By Jane Nungari Gichuho
YouTube recently celebrated its 10th anniversary. With over 1 billion unique visitors a month, the most surprising viral sensations are located in an unexpected channel: Education. In fact, education videos are viewed twice as often as those found in the Pets & Animals category.
What makes these YouTube educational channels so successful may be the very element of entertainment students may not receive in the classroom. Entertainment is the top priority to keep (viewers’) minds from wandering, and if you’re not getting people engaged, you’re not going to reach a big audience.
YouTube educational content often features a person in front of the camera while others are recorded as procedure e.g. in software training videos. These videos are brimming with personality to convey the information in a humorous, concise manner – better suited to millennial attention spans.
This new generation of online educators succeeds in ways college teachers do not. Most university professors are typically selected for their research output – not their ability to be engaging or even effective conveyors of information. In addition, professors may be more concerned with cramming test material into students’ heads instead of giving them tools to succeed in a self-sufficient way.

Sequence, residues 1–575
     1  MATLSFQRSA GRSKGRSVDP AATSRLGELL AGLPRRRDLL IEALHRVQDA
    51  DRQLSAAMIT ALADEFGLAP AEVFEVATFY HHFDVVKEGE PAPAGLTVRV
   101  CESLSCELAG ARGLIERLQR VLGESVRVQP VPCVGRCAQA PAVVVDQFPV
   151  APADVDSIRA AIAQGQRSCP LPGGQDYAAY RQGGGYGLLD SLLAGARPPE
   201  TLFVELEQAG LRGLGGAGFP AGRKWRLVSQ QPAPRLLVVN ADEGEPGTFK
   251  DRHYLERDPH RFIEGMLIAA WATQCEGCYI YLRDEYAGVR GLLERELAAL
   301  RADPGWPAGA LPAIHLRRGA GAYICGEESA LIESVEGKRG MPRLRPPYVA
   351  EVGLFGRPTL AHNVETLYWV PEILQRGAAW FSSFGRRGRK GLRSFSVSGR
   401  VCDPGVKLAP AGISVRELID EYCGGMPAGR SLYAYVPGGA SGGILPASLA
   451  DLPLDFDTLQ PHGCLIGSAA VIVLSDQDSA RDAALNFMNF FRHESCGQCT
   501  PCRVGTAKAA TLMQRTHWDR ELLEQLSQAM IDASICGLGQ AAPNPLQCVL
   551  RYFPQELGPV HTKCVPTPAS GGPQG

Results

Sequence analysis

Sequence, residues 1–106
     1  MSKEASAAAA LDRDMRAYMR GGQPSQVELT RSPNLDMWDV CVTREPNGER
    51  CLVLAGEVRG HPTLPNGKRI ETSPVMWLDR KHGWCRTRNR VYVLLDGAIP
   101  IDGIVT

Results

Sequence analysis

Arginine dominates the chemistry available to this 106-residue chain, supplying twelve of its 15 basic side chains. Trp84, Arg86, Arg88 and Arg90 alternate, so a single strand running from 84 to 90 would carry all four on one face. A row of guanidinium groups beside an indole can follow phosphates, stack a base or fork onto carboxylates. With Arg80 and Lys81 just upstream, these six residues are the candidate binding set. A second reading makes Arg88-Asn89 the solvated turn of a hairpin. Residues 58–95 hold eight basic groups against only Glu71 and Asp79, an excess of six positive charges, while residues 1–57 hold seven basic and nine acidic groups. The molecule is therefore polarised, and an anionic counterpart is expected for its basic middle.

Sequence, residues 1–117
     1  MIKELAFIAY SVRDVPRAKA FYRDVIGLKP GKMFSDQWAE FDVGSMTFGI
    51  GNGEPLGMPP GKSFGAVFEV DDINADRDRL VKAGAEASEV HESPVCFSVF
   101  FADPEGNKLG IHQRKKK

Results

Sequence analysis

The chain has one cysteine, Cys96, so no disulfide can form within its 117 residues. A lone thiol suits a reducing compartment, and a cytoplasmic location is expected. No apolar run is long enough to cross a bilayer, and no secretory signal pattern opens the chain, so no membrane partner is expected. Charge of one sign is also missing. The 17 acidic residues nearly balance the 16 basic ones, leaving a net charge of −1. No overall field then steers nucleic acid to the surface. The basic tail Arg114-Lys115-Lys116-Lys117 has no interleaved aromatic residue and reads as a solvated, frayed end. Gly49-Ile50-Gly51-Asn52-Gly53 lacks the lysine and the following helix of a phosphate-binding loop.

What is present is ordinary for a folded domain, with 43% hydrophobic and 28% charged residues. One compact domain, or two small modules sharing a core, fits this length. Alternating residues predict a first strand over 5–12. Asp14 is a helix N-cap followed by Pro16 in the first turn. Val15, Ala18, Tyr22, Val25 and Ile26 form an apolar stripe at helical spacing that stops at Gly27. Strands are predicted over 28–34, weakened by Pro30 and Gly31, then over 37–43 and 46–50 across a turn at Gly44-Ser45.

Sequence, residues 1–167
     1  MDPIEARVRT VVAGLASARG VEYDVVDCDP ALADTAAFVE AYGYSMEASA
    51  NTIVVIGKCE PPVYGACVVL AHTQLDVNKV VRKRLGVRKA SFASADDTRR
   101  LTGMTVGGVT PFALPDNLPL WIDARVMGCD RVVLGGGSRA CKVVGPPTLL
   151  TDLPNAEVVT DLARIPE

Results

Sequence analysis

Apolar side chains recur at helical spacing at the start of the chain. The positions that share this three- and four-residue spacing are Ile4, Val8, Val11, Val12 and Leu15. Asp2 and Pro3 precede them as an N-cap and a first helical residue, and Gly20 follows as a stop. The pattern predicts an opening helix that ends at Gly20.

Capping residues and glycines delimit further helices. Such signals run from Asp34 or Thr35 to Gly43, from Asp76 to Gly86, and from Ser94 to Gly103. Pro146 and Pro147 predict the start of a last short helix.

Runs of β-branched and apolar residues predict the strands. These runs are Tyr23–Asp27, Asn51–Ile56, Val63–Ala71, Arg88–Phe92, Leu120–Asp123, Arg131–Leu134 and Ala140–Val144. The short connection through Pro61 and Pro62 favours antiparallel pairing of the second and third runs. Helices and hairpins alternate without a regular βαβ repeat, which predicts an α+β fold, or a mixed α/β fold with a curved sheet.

Another advantage of a YouTube digital education class, is that it can have more 100, 000 views at a minimum, a size a large lecture hall could never imagine capturing.
The entertainment-engagement appeal may explain the consistent increase in viewership. The quantity of visitors doesn’t just translate into popularity or fame though. It means MONEY.
The larger funding comes from YouTube’s partnership program, which allows content creators to earn 55% of the profit generated by advertisements on their videos. Successful YouTubers often make a sturdy six figures per year – possibly double that of the average high school teacher’s salary.
YouTube has since compiled educational channels into YouTube EDU, which amalgamates the site’s most popular informational videos in a virtually intimate environment. The students can learn on their own time, flexible to their own schedules, with a much vaster network of fellow viewers and teachers to assist their learning.
Educational revolution has in fact been stagnant; students have been taught in groups for centuries. In order to incite a revolution, he says, the key is utilizing the social environment. With social media and the Internet, students are not as afraid to be curious and ask questions. They can search something on Google and get responses immediately; they are not as powerless. They may not have friends who are expert linguists, but there surely are people on Google who are.
What is the value of new media – the Internet? There’s a new toolbox, YouTube and it’s very exciting and vital that we use that for education.